Ten years ago, I started a band. We made loud, stupid, angry comedy rock, played shows to mostly tiny crowds, and recorded an album (on a bankrupt label), that sold 400 copies. A disastrous nationwide van tour left me with an empty bank account, a torn meniscus, and a near-addiction to Vicodin. There were some good times, too, but mostly, like Iggy Pop once sang, no fun. The project collapsed, and I was staring at the bottom of a deep well.
Soon after, just in time, I took up yoga. The sutras talk about samskara, or negative sense impressions that cause suffering. Well, I had samskara up to my eyeballs. The drugs, the drinking, the stress, and my plainly rampant egomania filled me with unhappiness. It was time to mellow out and leave my febrile dreams of the rock ’n’ roll life behind.
This happened gradually, but it definitely happened, and I was happy to feel the changes. My body grew stronger and more flexible, and my mind grew clearer. By degrees, I became a happier person. That's often the result when you practice yoga. But there was one problem.
I missed the music.
Everyone around me seemed to be grooving to Michael Franti and MC Yogi and Jai Uttal. A massive kirtan festival bloomed in the California desert like a thousand cactus flowers. My life became a musical miasma of sugary devotional chanting and one-note invocations to gods I didn't believe in. When I heard teachers telling me to "rock my asana," I abstained, because I didn't trust their taste. I'd seen The White Stripes play in a basement and Joe Strummer fronting The Pogues. I knew what real rock looked and sounded like, thank you very much, and it didn't much resemble the yoga I'd grown to love.
Then, miraculously, the rock returned to my life. A year and a half ago, I moved back to Austin, Texas. Quickly, without any real effort on my part, the band reunited. A local record label agreed to re-launch our album. We recorded a new song. And we got booked to play two relatively high-profile gigs during South By Southwest.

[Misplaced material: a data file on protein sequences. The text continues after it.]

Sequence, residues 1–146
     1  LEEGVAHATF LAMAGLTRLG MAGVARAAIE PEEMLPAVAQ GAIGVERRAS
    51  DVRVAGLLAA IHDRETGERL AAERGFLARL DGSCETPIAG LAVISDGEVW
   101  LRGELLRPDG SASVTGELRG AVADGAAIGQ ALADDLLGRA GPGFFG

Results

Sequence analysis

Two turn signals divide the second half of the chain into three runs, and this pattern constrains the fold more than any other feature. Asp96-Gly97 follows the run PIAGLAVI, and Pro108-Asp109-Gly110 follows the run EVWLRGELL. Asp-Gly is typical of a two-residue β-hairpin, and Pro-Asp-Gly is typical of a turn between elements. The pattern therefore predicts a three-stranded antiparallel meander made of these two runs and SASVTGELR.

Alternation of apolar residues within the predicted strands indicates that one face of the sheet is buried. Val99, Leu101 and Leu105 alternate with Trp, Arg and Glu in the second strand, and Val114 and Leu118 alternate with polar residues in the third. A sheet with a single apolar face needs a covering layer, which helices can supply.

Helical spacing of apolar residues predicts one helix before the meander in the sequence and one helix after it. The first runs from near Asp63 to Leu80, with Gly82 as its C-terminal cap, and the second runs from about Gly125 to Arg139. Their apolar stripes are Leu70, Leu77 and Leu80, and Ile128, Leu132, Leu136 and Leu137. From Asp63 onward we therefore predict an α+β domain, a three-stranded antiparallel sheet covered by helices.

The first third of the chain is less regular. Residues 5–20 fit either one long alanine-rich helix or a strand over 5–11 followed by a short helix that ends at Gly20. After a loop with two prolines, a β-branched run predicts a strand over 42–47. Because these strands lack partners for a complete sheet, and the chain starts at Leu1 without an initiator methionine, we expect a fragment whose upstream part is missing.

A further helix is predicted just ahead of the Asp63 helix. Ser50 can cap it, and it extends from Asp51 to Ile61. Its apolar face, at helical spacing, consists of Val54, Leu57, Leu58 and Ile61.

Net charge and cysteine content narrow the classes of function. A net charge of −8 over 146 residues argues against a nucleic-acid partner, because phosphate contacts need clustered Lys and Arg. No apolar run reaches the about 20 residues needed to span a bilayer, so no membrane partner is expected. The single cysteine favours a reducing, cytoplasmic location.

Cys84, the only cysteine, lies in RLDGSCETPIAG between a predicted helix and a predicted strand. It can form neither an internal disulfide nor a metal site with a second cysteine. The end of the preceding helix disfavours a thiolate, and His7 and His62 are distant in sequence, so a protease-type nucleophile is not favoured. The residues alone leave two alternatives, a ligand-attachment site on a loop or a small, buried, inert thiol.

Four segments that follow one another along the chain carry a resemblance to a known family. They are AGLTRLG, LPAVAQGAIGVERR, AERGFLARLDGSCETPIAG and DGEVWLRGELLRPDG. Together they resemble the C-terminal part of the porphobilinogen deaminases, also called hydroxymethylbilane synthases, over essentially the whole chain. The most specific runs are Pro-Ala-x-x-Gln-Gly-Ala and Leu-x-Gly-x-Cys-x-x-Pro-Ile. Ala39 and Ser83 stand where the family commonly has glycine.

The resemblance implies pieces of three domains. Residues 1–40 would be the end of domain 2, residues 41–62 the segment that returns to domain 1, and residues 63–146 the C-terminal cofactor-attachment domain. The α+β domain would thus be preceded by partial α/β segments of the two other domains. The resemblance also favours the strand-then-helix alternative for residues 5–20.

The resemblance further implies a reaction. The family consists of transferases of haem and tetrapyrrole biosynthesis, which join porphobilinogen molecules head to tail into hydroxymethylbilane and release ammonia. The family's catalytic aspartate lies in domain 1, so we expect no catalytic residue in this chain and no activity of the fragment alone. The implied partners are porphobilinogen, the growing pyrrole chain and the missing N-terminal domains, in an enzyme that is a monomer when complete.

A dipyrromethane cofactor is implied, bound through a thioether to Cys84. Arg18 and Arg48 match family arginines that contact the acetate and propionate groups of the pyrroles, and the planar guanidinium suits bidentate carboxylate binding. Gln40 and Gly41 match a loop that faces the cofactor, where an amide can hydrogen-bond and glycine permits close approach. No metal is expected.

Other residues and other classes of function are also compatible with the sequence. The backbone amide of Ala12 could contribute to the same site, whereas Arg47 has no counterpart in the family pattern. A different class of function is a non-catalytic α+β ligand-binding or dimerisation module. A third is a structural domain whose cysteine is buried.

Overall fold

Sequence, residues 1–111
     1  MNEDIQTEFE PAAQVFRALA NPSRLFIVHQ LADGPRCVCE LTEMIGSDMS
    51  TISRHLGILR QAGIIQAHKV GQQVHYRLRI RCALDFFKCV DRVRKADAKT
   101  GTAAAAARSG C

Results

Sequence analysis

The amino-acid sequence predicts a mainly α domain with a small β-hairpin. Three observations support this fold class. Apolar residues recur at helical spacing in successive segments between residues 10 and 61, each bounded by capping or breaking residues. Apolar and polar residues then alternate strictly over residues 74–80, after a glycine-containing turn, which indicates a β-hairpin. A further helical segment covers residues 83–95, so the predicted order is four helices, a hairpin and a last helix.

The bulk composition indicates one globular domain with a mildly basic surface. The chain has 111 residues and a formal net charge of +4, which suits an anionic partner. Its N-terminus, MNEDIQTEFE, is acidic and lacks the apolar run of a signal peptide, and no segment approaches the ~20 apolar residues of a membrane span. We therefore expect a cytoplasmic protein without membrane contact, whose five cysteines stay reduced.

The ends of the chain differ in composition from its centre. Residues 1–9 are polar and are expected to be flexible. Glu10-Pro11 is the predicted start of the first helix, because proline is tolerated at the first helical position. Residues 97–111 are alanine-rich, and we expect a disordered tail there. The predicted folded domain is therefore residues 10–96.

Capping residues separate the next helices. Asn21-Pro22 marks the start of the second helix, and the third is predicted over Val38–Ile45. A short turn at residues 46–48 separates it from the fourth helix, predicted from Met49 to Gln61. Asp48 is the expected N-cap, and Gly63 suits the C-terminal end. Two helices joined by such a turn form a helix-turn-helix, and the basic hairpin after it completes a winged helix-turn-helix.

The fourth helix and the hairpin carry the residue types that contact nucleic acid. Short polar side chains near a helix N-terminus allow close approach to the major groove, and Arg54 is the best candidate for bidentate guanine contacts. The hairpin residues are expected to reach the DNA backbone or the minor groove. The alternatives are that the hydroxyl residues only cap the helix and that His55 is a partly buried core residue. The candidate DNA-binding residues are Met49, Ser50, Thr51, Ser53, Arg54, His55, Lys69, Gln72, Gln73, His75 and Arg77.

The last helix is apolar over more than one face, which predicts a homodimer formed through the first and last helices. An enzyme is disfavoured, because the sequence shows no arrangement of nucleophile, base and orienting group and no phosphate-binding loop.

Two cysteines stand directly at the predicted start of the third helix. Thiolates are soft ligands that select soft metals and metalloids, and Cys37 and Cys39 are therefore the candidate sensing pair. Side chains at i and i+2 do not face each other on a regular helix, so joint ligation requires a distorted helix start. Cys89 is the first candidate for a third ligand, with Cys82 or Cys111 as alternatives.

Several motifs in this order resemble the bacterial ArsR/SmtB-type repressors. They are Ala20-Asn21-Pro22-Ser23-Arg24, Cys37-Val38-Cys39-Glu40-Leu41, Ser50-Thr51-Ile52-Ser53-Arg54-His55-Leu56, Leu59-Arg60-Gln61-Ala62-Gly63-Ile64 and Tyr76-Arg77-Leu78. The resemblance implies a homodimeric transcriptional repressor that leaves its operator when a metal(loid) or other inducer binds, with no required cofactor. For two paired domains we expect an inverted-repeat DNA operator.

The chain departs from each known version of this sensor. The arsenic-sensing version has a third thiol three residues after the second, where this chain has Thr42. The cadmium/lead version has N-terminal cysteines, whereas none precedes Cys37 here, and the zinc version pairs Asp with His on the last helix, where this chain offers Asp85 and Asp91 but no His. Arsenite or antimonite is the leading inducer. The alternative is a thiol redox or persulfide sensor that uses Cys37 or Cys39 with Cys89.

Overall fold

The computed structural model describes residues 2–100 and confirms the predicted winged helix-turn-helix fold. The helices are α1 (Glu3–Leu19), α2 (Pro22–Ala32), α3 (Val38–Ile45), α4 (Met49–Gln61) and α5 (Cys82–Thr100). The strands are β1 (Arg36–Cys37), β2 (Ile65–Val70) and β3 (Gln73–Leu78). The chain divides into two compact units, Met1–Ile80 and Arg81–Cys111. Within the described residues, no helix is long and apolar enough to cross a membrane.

In most ways, this has nothing to do with yoga. None of the guys in my band practice, nor do they have any interest in doing so. I did change one lyric in one song so I could make fun of Bikram, and I referred the head of the record label to my yin teacher to help him rehab from knee surgery, but that's been the extent.
But in other ways, this revival has everything to do with yoga. When my band incarnated the first time, I was full of hopes and dreams and fears. This expectation generated mega samskaraand made me very unhappy. Now, though, I'm approaching every rehearsal and every step without expectation. I'm merely enjoying the experience, feeling the wail of the guitars and the drums vibrate my bones, laughing with the guys, drinking a beer. I'm creating something, no matter how pointless and silly.
Living in the moment, without expectation, is the essence and soul of yoga, no matter what you're doing. Now, when I'm playing with the band, I'm filled with a simple joy, with the unique sensation of being alive. That may or may not have an effect on the final product. But if you're one of the about 50 people who will see The Neal Pollack Invasion play this year, I recommend not standing too close to the stage. We can get kind of loud and I've been known to spit beer.
Also, I can guarantee there won't be any kirtan.